Jimmie Johnson recently captured his sixth NASCAR Cup Series championship, cementing himself as one of the greatest drivers in history. Yet, whether that qualifies him as an elite athlete is an ongoing debate, recently brought back to the forefront by Donovan McNabb.
The former NFL quarterback said on Fox Sports Live that he didn't believe Johnson was an athlete. The NASCAR champ visited the show on Monday night and, although McNabb wasn't there, the remarks were brought up early in the conversation.
Johnson defended himself and fellow drivers, saying the only way people can truly understand what it takes to compete at the highest level of racing is to experience it. In turn, he invited McNabb to a race to see if that would change his stance on the subject.
The two also had a brief exchange on Twitter, in which McNabb agreed to check out a race at some point in the future:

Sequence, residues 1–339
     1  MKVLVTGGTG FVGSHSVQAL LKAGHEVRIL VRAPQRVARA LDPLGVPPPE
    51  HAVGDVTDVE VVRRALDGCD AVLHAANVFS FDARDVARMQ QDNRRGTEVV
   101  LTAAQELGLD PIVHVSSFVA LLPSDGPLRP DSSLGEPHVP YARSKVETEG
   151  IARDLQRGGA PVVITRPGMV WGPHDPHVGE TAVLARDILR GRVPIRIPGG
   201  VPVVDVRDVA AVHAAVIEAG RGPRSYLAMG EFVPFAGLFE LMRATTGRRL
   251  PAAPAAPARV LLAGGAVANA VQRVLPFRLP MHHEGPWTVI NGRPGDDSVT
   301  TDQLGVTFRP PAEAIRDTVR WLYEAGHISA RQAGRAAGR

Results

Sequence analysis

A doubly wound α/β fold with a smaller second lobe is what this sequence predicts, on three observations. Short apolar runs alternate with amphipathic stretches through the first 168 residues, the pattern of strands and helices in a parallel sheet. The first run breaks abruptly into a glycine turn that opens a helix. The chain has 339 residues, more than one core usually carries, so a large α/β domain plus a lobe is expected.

Do you think drivers are athletes?
It's probably difficult for somebody like McNabb, who spent his entire career getting chased down and hit by monster defensive lineman, to understand how somebody who drives a car belongs in the same category as an athlete.
That's why Johnson offered to show the quarterback what it's really like to endure the racing environment for 500 miles at a time with limited pit stops and cautions to break.
Fellow driver Jeff Gordon made the same offer to McNabb when the debate first restarted. He also noted the conversation about whether drivers are athletes has been going on for decades:
20+ yr debate. @NASCAR driver athlete? Never met a "athlete" who actually drove a racecar that doubted it. Care to take a ride Donovan?— Jeff Gordon (@JeffGordonWeb) November 16, 2013
For what it's worth, Johnson was named the AP Male Athlete of the Year in 2009. So the voters for that award obviously believed his accomplishments were enough to earn that honor, even if other athletes remained skeptical.
It will be interesting to see if McNabb does make it out to a race next season and whether his opinion changes after hanging out with Johnson, Gordon and Co.
They clearly believe a couple high-speed trips around the track would be enough to make him a believer.